History alum makes a career of celebrating film

Cinema Books is a reunion of old friends. The walls are a scrapbook of familiar faces from John Wayne to James Earl Jones. Shelves are stuffed with books covering fan favorites such as Buster Keaton and The Big Lebowski. Owner Stephanie Ogle reintroduces classics, champions new treasures and plays a starring role in celebrating film.

“Movies become part of your life. They transport you to a place, a person or a time period that can feel very intense and real,” says Ogle. “They contribute to your personal sensibility of who you are.”

Ogle, ’71, ’81, is passionate about storytelling both on the page and screen. Teenage trips with her best friend to watch Steve McQueen triple-bills cemented a joy for movies. Reading material from the library and University Book Store furthered her cinematic education, which she continued at the UW. A history major, she participated in the campus film club. Full houses gathered for varied events, such as Humphrey Bogart retrospectives, which were followed by post-screening lectures by UW professors.

“The professors imparted a joy that I admired. It shaped my view of what’s important in an education,” says Ogle. “I tell undergrads to ask friends which professors changed their outlooks. Take those courses even if it’s not your normal interest. It may open doors and ideas that stay with you for the rest of your life.”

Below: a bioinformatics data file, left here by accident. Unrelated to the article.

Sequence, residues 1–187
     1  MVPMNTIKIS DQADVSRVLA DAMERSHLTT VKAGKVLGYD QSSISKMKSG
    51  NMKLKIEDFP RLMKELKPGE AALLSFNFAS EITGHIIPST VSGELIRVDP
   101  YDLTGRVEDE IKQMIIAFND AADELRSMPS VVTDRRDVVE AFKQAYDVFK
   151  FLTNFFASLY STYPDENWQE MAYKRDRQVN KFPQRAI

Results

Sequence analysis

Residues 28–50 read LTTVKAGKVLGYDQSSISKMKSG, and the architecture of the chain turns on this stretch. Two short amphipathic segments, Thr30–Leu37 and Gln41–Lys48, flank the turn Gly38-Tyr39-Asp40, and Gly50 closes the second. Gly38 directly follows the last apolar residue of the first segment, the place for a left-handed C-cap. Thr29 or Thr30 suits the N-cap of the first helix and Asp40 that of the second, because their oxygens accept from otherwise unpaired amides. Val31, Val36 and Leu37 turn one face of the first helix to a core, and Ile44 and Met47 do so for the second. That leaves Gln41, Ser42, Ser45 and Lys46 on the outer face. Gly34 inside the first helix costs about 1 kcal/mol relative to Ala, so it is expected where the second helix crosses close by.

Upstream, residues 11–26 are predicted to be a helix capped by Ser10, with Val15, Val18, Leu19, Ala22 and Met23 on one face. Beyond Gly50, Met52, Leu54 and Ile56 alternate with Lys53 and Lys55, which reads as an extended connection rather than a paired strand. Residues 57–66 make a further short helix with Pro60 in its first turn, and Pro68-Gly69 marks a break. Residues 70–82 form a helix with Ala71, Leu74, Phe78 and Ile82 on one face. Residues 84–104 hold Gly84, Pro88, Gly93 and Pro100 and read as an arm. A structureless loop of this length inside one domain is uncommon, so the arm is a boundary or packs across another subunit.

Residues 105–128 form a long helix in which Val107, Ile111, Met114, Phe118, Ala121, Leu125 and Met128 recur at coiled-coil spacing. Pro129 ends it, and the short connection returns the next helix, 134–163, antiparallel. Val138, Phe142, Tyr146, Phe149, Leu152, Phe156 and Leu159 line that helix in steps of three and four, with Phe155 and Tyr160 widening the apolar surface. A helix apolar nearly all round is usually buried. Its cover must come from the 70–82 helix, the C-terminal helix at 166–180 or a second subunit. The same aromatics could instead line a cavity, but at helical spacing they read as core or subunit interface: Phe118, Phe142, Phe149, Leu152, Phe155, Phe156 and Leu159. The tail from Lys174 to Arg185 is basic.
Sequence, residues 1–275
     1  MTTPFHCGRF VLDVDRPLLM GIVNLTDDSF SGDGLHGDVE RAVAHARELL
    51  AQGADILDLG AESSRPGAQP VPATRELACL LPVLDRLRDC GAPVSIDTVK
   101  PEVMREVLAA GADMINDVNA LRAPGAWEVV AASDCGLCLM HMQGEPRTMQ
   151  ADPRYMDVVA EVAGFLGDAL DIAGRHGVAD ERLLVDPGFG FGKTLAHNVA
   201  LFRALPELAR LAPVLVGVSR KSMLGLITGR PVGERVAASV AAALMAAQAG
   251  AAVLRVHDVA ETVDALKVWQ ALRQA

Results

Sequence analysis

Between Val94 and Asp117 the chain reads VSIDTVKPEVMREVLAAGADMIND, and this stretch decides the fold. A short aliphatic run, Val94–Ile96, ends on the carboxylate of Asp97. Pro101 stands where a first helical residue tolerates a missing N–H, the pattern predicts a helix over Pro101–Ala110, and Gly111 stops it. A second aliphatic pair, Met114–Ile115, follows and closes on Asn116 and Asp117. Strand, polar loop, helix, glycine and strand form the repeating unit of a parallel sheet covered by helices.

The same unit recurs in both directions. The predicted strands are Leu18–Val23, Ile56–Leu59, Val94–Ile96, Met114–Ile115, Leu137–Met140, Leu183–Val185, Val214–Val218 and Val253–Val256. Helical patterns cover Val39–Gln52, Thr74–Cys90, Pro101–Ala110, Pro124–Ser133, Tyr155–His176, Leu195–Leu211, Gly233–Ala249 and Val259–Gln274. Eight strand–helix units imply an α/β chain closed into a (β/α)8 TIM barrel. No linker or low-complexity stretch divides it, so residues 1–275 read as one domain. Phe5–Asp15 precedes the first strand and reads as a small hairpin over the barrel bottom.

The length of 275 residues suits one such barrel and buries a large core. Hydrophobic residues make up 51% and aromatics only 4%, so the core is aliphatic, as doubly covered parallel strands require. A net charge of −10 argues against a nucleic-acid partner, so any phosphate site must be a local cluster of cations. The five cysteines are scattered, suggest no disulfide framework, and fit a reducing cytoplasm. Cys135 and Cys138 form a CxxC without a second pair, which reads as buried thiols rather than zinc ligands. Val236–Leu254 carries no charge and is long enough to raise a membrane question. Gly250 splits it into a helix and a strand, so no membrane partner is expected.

While earning a Ph.D. in history, Ogle co-founded Cinema Books in 1977 with her brother Jeremy and sister-in-law Susan Favor. (They left the business in 1979.) Since 1984, the shop has been tucked underneath the University District’s Seven Gables Theatre. She has welcomed everyone from Oscar-winning actor Colin Firth to students thumbing through Animal House prints. She readily shares her encyclopedic knowledge and is quick to dispense UW-related film trivia: Keye Luke paid tuition by drawing movie posters for theaters before his Hollywood break in Charlie Chan movies; Bruce Lee taught classes in parking garages.

Ogle taught film-history classes at the UW for four years in the late 1980s. Students learned about the industry’s business side and benefited from a roster of guest speakers representing Seattle’s creative community. She also broadened horizons by showing silent films and black-and-white classics.

After screening Cary Grant’s 1937 comedy The Awful Truth, a student relayed how it changed her life. “Her parents were critical of her attending college and always asked what she was getting out of it and how it helped her future,” says Ogle. “For Christmas, she watched The Awful Truth with them and they laughed and loved it. Her parents said that her UW education must be worthwhile if that’s what she was learning. The film brought them together.”

Ogle values movies for their entertainment value—her guilty pleasure is submarine movies—and for bringing history alive. When the credits roll, however, she believes connections to the people onscreen and sitting next to you are most influential. “I still remember my fellow students I went to school with and enjoyed movies with,” says Ogle. “Those are the memorable parts of life that last for generations.”